Up close and hungry with celebrity chefs
It’s all about access at annual food festival Vegas Uncork’d
Most weekends, the food at the Vegas outposts of famous chefs is prepared by well-trained chefs and cooks whose names you’ve never heard, employees carefully bringing a master chef’s vision to bear one ticket at a time. But for one weekend a year, the folks whose names grace the doorways at multi-million-dollar restaurants up and down the Strip will actually be wearing their whites and running their kitchens for the annual food festival Vegas Uncork’d.
The four-day festival held over Mother’s Day weekend May 6-9 pairs two important ingredients: celebrity chefs and foodies (the voracious demographic whose total devotion to all things delicious turned chefs into rock star-style celebrities in the first place). Vegas Uncork’d isn’t just a Rolling Stones concert; it’s hearing the Brits play a private club with only 60-odd seats.
“If you want to see Bobby Flay and you go to South Beach Food and Wine event, you might see Bobby 100 yards away on a culinary stage doing a demo,” explains Uncork’d Executive Director Rob O’Keefe. “Here, if you’re buying a ticket to go to Mesa Grill where Bobby himself will be there and serving, it’s only for 35 people. It’s not Bobby Flay across the football field, it’s Bobby putting your plate of food down in front of you.”
Access is the key word at Uncork’d, even more perhaps than food, sous vide or any other buzzy culinary term du jour. Held in conjunction with Bon Appetit magazine, the festival offers up chefs like Bobby Flay, Alain Ducasse, Joël Robuchon and Charlie Trotter all within reach of anyone who buys a ticket to one of the Masters’ Series dinners or other chef-hosted events scattered throughout the weekend.
So far, it seems to be working. In 2009, as high-end restaurants around the country were taking a financial beating, Vegas Uncork’d sales were up 17 percent.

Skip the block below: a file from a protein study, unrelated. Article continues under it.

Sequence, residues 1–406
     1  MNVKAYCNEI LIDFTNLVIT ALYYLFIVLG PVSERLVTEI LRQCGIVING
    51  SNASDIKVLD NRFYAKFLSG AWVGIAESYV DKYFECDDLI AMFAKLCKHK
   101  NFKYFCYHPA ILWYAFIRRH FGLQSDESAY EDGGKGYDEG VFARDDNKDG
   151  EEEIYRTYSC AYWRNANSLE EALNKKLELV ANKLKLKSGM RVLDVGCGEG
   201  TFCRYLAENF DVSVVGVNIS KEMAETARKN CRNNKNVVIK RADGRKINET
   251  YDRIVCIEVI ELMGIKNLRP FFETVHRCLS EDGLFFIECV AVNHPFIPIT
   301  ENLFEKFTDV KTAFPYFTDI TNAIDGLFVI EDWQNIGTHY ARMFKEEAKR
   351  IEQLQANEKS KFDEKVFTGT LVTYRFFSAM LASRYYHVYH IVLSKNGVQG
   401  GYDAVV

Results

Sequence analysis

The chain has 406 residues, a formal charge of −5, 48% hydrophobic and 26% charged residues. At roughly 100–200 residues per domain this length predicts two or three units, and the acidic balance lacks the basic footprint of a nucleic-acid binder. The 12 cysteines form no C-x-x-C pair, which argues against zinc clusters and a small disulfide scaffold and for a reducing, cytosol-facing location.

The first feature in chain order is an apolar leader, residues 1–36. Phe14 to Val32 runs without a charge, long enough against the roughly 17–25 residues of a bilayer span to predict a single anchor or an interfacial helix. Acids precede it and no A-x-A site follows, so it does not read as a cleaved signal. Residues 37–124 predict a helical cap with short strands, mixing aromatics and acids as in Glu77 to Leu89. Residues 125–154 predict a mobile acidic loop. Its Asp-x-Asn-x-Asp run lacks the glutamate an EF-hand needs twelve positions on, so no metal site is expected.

Of course, tickets for that kind of access don’t last long. Flay’s May 6 Masters’ Series dinner is already sold out, as is Guy Savoy’s dinner co-hosted by Bon Appetit Editor-in-Chief Barbara Fairchild. Tickets to other events — including a culinary demonstration and lunch with Robuchon at L’Atelier ($135); a celebrity blackjack tournament at Encore with chefs Paul Bartolotta, David Burke, Cat Cora, Alain Ducasse and Alex Stratta, to name a few ($350 to play); and the annual Grand Tasting held at Caesars Palace’s Garden of the Gods ($175 in advance, $195 at the door) — are still available at VegasUncorked.com.
With wine, food and the people famous for making it all in the mix, the only thing missing from the festival are Las Vegans. According to O’Keefe, 72 percent of last year’s ticket holders came from out of town, something that doesn’t alarm the executive director.
“We developed this notion to do something that would plant a flag in the ground on a national, if not international, level that Las Vegas was the epicenter of culinary excitement in the world,” O’Keefe says. “It’s been my intention from the beginning that Vegas Uncork’d be a national event, not a locals’ event.”
That vision certainly has been realized, but for locals with a passion for food, Vegas Uncork’d represents a chance to meet the people who’ve created some of the city’s best restaurants. Their doors may be open every day, but this delicious opportunity only comes once a year.
Curtsy : http://www.lasvegasweekly.com/news/2010/feb/15/close-and-hungry-celebrity-chefs/